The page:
Why are you studying?
To most of us, it will come as little surprise that the research shows the country’s top performing students, year-after-year, are the ones who have developed a clear reason to study.
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We like to call them High Stakes Assessments, or HSAs because most people forget about their importance. Most people see the assessments throughout the year as stepping-stones to exams, and just cruise through them without adequate preparation. Fact is, your exams are often only half the story – being worth 50% of your final mark. The other 50% of your marks (sometimes more) comes from your internal assessments. So we’ve compiled the top 4 tips to facing and acing your HSAs, because every test counts.
Most people go into HSAs blind. They browse over their notes, hoping that the ‘easy topics’ come up on the paper. Sorry, not good enough. If you’re truly prepared, you don’t rely on guesswork.
When your teacher announces an upcoming assessment, they’ll generally tell you which part of the course can be tested. Most students will then go home and begin studying their notes without taking an essential step: finding out specifically, which topics and sub-topics are most important.
You can’t be tested on everything you’ve learned. Therefore you shouldn’t focus equally on everything. You should find the key topics, the essentials. By knowing what the essentials are, you can begin preparation in a focused, pointed manner.
First, you’ll need to be well acquainted with your Syllabus (AKA Study Design or Course Outline). This document sets out specifically every topic and sub-topic that needs to be taught and examined throughout the year. Begin by downloading and printing this document for each subject that you’re doing.
Once you’ve got your syllabus, the most important part is how you use it. Print your syllabus, grab a highlighter and make time to speak with your teacher. Go to your teacher and say “Mr/s ___, I know we’ve got a test coming up. I printed the Syllabus so I can focus on studying the most important topics. Can you show me what is examinable?” You then highlight anything s/he says. Your teacher can’t tell you answers – obviously. But they can tell you what to focus on. This is a great way to zero in on the most important topics.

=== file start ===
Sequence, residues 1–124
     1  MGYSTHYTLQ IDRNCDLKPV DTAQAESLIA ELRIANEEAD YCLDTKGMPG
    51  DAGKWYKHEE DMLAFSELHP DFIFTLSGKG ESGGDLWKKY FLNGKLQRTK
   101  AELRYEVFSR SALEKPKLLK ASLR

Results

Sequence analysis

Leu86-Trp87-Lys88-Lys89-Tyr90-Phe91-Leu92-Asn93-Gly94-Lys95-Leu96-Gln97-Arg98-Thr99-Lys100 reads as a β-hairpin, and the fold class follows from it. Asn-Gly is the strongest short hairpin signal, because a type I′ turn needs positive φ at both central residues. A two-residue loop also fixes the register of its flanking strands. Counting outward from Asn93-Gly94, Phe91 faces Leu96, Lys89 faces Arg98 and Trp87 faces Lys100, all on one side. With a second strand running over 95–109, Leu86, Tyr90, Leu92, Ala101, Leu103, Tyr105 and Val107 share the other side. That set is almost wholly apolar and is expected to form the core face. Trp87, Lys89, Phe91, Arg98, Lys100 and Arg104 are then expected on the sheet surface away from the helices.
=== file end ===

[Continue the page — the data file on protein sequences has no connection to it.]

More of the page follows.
Also make sure that you ask your teacher about the format of the test. You might need to answer short questions, write essays, fill in diagrams, deliver speeches, or complete multiple choice questions. By knowing the format, you can give context to the way you study.
There’s a big difference between taking notes and taking good notes. Without delving into too much detail here, the key difference is whether you can use them to revise for your HSAs. Have you missed anything? Have you covered the essentials?
The best way to find out is to compare your notes against your syllabus. If there’s any key points in the syllabus that don’t appear in your notes, you might want to update them. If necessary, grab your textbook and set aside a couple of hours to ensure that your notes are airtight and assessment ready.
Most people revise by making summaries (yawn). Summarising is the most boring form of study. It involves looking over your notes and re-writing them with fewer words. How fun…